Somewhat glibly, we are pretty sure, music scribes who should know better tend sometimes to describe as workaday or dull Eric Clapton’s recent treatment of blues tunes. Leroy Carr’s Alabama Woman Blues is the opener here and, yes, you could say it’s kind of un-dynamic and EC may sound like he is coasting.
Yet, after over 50 years playing blues or blues-inflected rock, something says inside this reviewer’s heart `Give Clapton the benefit of the doubt’ - if he is feeling the spirit of the song, that should be good enough, it’s up to us to get it. Ditto for his version of Skip James’ Cypress Grove, with its jaunty accordion and loud brushing percussion.
The lyrics to the latter contain the usual brilliance of old blues. I would drink muddy water, sleep in a hollow log and I would rather be dead and six feet in my grave /Than to be way up here, honey, treated this a-way. They had a knack, those guys, they had poetry in their blood - impoverishment, yes, but riches also.
Robert Johnson’s Stones in My Passway gets more of that jaunty, vaguely Cajun treatment, accordion and handclaps and torrid slide guitar and all-busyness. I got stones in my passway and my road seem dark as night - Johnson too was master of lyrical grace and simplicity.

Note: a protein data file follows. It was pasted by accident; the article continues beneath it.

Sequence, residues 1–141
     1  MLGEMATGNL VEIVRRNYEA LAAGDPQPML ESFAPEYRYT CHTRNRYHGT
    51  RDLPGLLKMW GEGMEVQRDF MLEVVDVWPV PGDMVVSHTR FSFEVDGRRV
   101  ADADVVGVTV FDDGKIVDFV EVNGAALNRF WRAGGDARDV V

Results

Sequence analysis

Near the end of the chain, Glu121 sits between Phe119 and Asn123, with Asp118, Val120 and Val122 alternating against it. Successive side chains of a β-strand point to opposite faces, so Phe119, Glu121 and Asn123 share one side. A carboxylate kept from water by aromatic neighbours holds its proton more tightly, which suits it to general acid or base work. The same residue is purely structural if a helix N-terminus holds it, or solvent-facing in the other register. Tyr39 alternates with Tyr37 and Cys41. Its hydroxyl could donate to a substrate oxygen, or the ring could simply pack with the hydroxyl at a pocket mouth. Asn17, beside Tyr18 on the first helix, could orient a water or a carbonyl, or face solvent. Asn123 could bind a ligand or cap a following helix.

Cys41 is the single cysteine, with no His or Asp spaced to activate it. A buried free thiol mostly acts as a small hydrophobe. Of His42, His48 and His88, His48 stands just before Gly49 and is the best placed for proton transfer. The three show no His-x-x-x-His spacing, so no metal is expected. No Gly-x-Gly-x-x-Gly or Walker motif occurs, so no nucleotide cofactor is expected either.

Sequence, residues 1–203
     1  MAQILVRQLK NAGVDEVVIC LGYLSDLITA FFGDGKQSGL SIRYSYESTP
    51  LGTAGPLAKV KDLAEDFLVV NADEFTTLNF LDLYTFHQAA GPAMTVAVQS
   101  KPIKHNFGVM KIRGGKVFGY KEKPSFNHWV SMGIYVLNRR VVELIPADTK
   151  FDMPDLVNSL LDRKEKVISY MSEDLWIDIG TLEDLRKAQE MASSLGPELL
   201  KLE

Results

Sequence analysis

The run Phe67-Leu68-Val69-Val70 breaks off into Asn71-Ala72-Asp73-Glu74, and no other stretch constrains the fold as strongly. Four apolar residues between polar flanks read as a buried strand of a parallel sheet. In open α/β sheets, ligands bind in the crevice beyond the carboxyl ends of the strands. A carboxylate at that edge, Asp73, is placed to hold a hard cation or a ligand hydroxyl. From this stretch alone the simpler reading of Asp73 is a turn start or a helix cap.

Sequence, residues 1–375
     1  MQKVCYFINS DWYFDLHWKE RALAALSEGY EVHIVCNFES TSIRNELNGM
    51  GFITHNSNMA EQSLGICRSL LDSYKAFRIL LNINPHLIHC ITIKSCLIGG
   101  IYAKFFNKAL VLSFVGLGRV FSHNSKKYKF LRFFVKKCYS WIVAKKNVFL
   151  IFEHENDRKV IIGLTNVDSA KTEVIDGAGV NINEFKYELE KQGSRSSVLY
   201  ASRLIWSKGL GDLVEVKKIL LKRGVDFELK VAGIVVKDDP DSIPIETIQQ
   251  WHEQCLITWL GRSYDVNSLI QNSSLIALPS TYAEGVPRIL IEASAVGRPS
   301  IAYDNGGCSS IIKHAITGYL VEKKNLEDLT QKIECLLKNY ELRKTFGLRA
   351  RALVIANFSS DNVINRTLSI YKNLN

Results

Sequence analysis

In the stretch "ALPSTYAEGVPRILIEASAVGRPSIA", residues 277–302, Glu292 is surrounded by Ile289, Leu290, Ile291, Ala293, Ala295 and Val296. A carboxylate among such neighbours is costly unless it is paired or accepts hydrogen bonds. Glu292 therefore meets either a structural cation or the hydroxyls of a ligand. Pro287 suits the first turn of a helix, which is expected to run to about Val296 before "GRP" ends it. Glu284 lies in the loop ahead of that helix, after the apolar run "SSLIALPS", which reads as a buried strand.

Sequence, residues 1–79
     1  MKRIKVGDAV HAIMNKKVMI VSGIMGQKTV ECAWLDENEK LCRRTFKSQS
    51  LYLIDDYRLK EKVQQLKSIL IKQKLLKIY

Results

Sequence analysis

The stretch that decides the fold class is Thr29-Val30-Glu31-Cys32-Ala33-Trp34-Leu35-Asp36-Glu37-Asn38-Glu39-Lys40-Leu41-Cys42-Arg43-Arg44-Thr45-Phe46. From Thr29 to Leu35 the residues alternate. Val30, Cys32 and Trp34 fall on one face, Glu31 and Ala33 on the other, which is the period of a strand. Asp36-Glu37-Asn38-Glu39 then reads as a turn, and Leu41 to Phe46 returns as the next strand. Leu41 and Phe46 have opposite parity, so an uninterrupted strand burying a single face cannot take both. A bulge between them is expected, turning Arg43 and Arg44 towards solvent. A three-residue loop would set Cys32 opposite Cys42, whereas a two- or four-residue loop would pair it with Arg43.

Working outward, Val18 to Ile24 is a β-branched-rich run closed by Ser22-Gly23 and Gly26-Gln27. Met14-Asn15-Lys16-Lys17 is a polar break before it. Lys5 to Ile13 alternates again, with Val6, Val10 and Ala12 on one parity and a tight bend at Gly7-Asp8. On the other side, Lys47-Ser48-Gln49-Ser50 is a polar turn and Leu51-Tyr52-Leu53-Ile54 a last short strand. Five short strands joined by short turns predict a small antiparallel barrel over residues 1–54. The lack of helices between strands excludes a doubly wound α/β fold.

Can’t Let you Do It is one of those brisk JJ Cale numbers with that same sense of double-tracking vocals you got from Eric’s versions of Cale’s After Midnight and Cocaine. (Glyn Johns produced the Slowhand album 40 years ago, which included Cocaine and he's back on production duties here.) Another Cale number, Somebody’s Knockin’, features sweet Hammond organ from Paul Carrack no less. It grooves along good and builds towards a well-judged guitar solo coda from EC, natch.
This is deeply unfair – comparisons etc - but I would prefer to have heard the late Levon Helm and The Band perform the Bob Dylan song, I Dreamed I saw Saint Augustine. Levon in his prime would have given it socks and The Band would have sounded more committed to the music, while more grit in the engine oil. Clapton's version is passably good, but it's kind of Band-lite.
Clapton takes Paul Brady and John O’Kane’s I Will Be There and applies the light reggae touch that worked like a dream on his own My Father’s Eyes - the guest vocalist is believed to be Ed Sheeran, credited here as one `Angelo Mysterioso' (see performance below.) Whoever it is, the duet is tender and lovely and should be played off the radio.